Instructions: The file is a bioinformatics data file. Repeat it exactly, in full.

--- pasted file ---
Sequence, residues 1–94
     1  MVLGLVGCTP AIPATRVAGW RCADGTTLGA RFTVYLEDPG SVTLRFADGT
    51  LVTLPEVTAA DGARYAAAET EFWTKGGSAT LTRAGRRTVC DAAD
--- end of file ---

Sequence, residues 1–94
     1  MVLGLVGCTP AIPATRVAGW RCADGTTLGA RFTVYLEDPG SVTLRFADGT
    51  LVTLPEVTAA DGARYAAAET EFWTKGGSAT LTRAGRRTVC DAAD